The idea of a ban on hydraulic fracturing has — perhaps predictably — proved polarizing since being recently aired in the US presidential primary campaign.
The idea of a ban on hydraulic fracturing has — perhaps predictably — proved polarizing since being recently aired in the US presidential primary campaign. Lost in the debate has been the kind of production — volumes, quality — hypothetically at risk. Several presidential hopefuls have made headlines with their support for a fracking ban. While some commentators warned that such a measure would trigger a global recession and send oil and gas prices through the stratosphere, others were quick to point out that the US Government may in practice lack the authority to prohibit fracking on private lands, where most US onshore oil and gas production is occurring. Publicly available records show that there is some fracking taking place on Federal leases, however. In their raw, unprocessed form, the data, which are scattered among several states and non-homogenized, might look a bit cryptic. Once adequately processed, they show that most fracking on Federal lands is occurring in a specific subsection of the Permian basin: the New Mexico side of the Delaware sub-basin.
Federal-land fracking does not represent an irreplaceable share of US production, neither is it a footnote — thanks in part to the fact that wells on Federal leases have been punching above their weight. The Delaware sub-basin itself is one of the most prolific US basins, responsible for a large chunk of US supply growth in the last two years. Kayrros reckons that wells drilled on Delaware Basin Federal leases since the start of 2018 make up approximately 350 kb/d of new oil production. That’s roughly 14% of overall US production growth of about 2.5 million b/d over the same period, or 17% of Lower 48 growth of 2.1 million b/d.
Whether for geological or other reasons, tight oil wells on Federal leases are top performers. These wells have been substantially more productive than non-Federal wells in the past two years. Kayrros analysis of production data from nearly 1,000 wells on Federal leases show that the average Delaware Federal type curve outperforms both the Delaware and overall Permian average during its first 16 months of production. EOG Resources, an independent producer active in the basin, is a case in point: In the last two months, its average peakmonth oil-production rate on Federal leases has outperformed that of its average Delaware Basin well by nearly 25%.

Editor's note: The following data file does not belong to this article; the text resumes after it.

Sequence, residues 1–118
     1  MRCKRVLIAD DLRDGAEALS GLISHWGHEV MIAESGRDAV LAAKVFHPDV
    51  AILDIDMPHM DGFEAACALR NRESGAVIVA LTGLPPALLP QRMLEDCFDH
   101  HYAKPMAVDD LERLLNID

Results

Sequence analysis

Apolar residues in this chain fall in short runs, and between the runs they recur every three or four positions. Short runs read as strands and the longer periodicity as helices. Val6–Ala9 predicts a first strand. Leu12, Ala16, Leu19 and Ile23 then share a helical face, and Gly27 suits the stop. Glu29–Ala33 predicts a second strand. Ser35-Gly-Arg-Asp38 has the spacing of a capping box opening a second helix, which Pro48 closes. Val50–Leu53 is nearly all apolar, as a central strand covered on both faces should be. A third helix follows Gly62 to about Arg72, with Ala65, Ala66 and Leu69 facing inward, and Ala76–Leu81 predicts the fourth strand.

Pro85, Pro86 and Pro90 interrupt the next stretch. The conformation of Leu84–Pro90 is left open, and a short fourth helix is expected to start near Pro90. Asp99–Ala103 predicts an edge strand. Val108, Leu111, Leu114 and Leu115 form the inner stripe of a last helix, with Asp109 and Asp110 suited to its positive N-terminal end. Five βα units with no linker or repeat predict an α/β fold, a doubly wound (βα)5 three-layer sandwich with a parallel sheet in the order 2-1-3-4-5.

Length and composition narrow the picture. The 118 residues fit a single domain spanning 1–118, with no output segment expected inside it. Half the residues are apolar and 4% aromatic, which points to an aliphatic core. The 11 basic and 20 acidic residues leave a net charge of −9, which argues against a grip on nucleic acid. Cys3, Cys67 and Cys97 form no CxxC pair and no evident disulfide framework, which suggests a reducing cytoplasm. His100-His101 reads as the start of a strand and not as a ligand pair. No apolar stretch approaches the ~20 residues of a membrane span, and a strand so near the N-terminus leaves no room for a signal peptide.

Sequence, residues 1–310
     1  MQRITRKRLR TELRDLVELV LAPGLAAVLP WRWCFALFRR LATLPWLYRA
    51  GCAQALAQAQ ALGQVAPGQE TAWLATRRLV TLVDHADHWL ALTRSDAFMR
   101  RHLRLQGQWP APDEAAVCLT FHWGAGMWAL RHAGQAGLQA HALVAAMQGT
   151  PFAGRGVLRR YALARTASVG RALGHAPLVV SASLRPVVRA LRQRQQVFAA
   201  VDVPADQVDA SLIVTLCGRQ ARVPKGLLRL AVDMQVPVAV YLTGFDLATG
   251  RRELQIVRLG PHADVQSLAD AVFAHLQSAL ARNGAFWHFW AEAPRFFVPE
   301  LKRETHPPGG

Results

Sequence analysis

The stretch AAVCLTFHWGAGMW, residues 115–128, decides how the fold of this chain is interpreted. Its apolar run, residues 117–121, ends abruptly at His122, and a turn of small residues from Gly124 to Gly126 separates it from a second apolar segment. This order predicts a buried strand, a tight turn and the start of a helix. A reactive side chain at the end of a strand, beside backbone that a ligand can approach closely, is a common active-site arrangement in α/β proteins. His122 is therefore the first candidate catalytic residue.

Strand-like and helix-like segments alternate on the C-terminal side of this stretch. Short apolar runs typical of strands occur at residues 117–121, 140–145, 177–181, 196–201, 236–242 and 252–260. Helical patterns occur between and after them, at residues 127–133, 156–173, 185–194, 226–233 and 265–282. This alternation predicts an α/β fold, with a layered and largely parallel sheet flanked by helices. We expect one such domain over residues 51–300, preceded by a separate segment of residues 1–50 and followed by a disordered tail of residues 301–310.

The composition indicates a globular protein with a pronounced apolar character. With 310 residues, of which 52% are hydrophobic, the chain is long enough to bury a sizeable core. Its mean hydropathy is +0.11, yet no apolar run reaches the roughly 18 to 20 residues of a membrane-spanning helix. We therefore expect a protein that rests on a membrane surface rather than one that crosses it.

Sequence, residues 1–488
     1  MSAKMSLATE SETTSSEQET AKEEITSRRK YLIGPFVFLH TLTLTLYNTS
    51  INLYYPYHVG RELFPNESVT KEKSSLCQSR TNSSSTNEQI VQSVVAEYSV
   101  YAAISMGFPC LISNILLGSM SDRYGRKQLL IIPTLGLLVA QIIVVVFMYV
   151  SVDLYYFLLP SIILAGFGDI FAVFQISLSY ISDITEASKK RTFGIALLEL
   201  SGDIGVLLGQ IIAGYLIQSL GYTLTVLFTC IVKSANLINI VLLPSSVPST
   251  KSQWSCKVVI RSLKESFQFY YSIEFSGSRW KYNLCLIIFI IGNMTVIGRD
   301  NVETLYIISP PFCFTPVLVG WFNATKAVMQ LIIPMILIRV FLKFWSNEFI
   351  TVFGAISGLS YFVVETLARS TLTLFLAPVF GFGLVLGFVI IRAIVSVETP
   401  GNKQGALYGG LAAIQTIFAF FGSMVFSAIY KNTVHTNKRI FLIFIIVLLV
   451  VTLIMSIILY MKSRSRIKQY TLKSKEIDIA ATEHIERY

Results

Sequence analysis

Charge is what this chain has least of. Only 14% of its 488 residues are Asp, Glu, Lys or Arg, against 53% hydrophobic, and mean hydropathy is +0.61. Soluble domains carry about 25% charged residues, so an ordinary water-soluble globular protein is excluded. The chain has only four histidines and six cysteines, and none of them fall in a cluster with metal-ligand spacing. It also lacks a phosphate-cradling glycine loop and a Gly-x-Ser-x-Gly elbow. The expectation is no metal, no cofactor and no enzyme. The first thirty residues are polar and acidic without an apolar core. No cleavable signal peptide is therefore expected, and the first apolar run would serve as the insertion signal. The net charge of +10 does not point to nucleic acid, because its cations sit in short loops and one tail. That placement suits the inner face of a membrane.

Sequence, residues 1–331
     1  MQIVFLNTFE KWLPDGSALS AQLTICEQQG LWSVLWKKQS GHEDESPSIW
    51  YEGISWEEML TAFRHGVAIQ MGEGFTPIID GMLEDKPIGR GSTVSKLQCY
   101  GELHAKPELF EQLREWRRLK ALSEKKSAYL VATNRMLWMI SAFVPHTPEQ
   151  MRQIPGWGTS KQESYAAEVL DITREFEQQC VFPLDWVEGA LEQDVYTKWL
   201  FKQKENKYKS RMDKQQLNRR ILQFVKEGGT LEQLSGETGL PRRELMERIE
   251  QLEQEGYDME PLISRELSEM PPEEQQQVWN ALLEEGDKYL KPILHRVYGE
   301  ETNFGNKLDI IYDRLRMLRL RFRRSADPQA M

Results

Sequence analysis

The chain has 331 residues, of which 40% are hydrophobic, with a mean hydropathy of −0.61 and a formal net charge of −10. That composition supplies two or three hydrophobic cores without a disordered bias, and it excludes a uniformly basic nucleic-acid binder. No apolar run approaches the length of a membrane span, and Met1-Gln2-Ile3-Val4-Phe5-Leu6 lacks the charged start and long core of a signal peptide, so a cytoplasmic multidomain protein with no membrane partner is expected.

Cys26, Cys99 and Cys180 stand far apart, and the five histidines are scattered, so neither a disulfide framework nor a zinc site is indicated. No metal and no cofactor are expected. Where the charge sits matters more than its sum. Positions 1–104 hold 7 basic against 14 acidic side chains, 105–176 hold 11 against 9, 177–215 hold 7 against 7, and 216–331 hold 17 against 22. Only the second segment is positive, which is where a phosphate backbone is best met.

Washington actually gives companies financial incentives to drill on Federal leases. As Matador Resources, another company with a sizable Delaware leasehold position, said in a recent press release, “Federal leases offer a number of attractive features as compared to fee and state leases. Most importantly, federal leases provide an 87.5% net revenue interest (“NRI”) as compared to approximately 75% NRI on most fee leases.”
The past is not prelude, however. In the last few months, as both drilling and fracturing activity started decelerating in a big way across US tight oil plays, the drop on Federal leases has been even steeper. Kayrros E&P Intelligence services provide near realtime measurements of drilling and completion activities across all five major US tight oil basins. These unique, highly granular bottom-up data can be broken down any which way and in particular shed light on the current pace of drilling and fracking activities on Federal lands as opposed to private lands. Remarkably, the Kayrros Rig Count on Federal leases has fallen by nearly 40% since August, more than twice an average 15% decline in the Permian as a whole. On the other hand, the Kayrros Frac Fleet count on Federal lands has ticked up, suggesting greater emphasis on completing wells and bringing them into production than on developing new ones. Whether the trend has anything to do with the policy debate going on in the US Primaries is anyone’s guess.
US companies have widely different stakes in Delaware Basin Federal leases. Not all companies are equally exposed to Federal leases, and the technological know-how of the producers most active on these lands might have as much to do with their performance as their geology. The most exposed Delaware Basin E&P completed more than 60% of its wells on Federal leases in the last two years. For all others the percentage was far less than 50%, all the way down to zero. The ranking of companies active on Federal leases changes when considering permitted wells rather than completed wells, however.
There is more than enough capacity in OPEC countries to make up for a drop in production growth on US Federal leases, so global oil supply is not substantially at stake. In the US itself, the potential for further production growth is obviously not limited to Federal leases, even if replacing these lands might entail venturing into less prolific private lands in New Mexico, Texas or elsewhere. Whether such a hypothetical shift would entail an oil price hike clearly depends on myriad other factors.